Our next installment of Quick Bites brings us to Eldridge Street for mounds of perfectly prepared spaghetti.
Yes, it's named after that Guns N' Roses record and, yes, it only offers one kind of pasta, but there's nothing particularly rock-n-roll, nor gimmicky, about the new Spaghetti Incident on the Lower East Side.
Opened a month ago on a quiet stretch of Eldridge Street, this is a comfortable, laid-back spot decked out in unassuming style with vintage kitchen gadgets, exposed brick, and an open kitchen flanked by a bar at which regulars are already perched, chatting with the friendly, relaxed staff.
Prices are low—nothing on the regular menu goes above $12—and the nice range of classic spaghetti dishes and handful of interesting salads could and should make this an instant go-to spot in a neighborhood that could always use some less-frantic choices.
All of which is not much of surprise, actually, when you learn that one of the principals at Spaghetti Incident is Emanuele Attala, who also co-runs things at the also-appealing Malatesta near the western end of Christopher Street. If early form holds and Spaghetti Incident finds its fans, this could become as much of a vital, cheap-eats institution as its West Village counterpart.
I ate dinner on three nights here over the last few weeks, and always left feeling happy and satisfied. There are nine spaghetti dishes on the menu (or close enough to spaghetti, like bucatini, which is just a bit thicker), plus one special, and all four that I've tried have been terrific. There's nothing crazy going on here, no umami fireworks, just simple plates of thoughtfully composed, well-prepared food.
The Puttanesca, for example, nailed the balance among the salty flavor bombs (capers, anchovies, olives), the sweet and acidic tomato sauce, and the chewy noodles that even everything out. The Carbonara, too, was a delight: creamy, chewy, with ample chunks of pancetta and to which I happily added a few spoonfuls of grated parmesan and a few twists of ground black pepper, both of which are provided unprompted at your table.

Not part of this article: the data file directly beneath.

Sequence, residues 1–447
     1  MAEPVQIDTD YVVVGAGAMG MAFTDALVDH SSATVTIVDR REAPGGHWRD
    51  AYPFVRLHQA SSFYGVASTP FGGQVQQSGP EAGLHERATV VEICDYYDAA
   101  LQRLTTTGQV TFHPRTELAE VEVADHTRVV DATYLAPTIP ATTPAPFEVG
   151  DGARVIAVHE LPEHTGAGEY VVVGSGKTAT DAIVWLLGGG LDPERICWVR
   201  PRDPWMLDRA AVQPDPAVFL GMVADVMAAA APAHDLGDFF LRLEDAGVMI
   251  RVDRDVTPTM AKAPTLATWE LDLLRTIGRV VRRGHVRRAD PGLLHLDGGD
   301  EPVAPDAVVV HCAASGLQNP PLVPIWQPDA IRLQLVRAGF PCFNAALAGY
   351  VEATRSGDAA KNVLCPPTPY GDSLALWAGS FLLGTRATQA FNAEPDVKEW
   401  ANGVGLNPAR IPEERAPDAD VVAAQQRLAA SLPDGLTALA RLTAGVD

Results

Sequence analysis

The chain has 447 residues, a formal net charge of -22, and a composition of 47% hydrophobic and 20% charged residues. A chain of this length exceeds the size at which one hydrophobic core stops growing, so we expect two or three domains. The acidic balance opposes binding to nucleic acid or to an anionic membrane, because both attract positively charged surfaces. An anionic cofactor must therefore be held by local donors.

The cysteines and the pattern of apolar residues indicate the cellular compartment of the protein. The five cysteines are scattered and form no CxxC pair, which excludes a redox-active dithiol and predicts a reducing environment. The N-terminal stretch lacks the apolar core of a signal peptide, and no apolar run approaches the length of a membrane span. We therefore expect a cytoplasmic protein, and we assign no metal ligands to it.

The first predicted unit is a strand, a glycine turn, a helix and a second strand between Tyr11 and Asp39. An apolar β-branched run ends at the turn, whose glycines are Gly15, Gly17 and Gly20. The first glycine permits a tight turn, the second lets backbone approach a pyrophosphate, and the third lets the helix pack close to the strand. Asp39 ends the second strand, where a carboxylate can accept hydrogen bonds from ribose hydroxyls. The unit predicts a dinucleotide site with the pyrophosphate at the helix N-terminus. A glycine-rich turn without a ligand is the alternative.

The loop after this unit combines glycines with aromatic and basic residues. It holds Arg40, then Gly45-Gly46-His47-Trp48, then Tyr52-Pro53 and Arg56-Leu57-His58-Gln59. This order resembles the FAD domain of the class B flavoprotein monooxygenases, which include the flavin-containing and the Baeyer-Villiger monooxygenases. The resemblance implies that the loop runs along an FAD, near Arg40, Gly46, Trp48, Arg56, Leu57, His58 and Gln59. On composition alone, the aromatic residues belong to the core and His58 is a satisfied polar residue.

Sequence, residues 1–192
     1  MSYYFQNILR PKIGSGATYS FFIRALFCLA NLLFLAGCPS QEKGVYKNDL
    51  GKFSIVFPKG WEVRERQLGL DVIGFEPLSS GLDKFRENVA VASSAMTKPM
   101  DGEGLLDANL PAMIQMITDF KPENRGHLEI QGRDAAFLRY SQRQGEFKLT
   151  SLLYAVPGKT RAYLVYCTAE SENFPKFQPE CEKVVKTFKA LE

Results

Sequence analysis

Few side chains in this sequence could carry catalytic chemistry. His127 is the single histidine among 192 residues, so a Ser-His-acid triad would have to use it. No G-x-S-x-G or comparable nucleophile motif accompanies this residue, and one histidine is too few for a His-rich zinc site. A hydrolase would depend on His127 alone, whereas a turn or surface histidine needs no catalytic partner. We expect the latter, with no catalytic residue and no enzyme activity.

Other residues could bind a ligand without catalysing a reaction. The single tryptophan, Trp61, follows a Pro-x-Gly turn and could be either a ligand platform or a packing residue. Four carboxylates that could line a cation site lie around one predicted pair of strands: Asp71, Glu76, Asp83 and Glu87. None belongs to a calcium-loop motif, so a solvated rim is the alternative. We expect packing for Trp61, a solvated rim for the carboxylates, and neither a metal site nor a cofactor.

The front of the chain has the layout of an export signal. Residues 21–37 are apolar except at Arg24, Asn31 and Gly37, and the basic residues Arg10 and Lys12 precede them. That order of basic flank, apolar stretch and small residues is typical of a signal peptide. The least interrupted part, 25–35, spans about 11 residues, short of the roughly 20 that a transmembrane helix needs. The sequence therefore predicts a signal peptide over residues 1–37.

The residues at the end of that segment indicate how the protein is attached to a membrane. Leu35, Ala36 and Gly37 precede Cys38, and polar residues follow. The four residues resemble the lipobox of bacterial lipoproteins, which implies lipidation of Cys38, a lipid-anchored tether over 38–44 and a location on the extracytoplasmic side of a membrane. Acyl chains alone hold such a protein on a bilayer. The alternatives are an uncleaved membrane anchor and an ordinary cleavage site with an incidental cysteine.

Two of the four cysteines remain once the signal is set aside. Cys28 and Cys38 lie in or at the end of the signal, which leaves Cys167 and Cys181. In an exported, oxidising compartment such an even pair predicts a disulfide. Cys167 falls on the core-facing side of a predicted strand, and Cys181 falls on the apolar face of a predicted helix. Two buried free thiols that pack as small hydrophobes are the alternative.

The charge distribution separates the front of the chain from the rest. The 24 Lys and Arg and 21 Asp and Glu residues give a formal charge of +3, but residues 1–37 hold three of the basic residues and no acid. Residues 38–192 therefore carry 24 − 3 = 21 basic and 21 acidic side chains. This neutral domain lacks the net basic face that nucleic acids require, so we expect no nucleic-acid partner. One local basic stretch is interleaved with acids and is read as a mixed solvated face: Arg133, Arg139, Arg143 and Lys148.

Dried pasta provides the base of most of the dishes, including both of the above, but Spaghetti Incident also offers a couple of housemade, fresh spaghetti items as well. My thick and creamy Salmoni and Aspargi was borderline decadent, with plenty of presence from the headliners; and a special one night, Whole Wheat Pasta tossed with a rich pistachio pesto and cubes of juicy zucchini, was superb.
The goofily-named salads are winners as well. The Naked Woman is basically a pile of summertime refreshment, with strawberries, carrots, baby spinach, shaved fennel, hearts of palm, ginger, and pine nuts all finished with a bright lemon dressing. And Kill the Kale is a worthy entrant into that crowded field, with its carrot-ginger dressing and bits of sweet cauliflower, somewhat randomly (though effectively) topped by a trio of fried shrimp.
There are several varieties of Arancini on the menu as well, and though they're not bad by any means—fried cheesy rice is always easy to eat—they aren't really necessary for the complete Spaghetti Incident experience.
Spaghetti Incident feels right for a lot things: a quick pre- (or post-) Sunshine dinner, a low-risk date spot, a comfortable place to linger with some wine and friends, or even dining solo. And the food really is good, much better than the prices would suggest. I could easily see myself eating here a few times a month.
In fact, I worried a bit about blowing the place up, because the waits at Malatesta can be discouraging, but the last time I went, on Saturday at around 8:00, most of the tables were unoccupied, so maybe we can all do our civic duty and throw the it some support. It'd be great if Spaghetti Incident stuck around for... well, how about at least as long as we all had to (not) wait for Chinese Democracy?
Spaghetti Incident is located at 231 Eldridge Street, just north of Stanton, and is open open weeknights from 5:30 to 11:30 p.m., and on Friday and Saturday until 1:30 a.m. Not: Like Malatesta, Spaghetti Incident is CASH ONLY. (646-896-1446)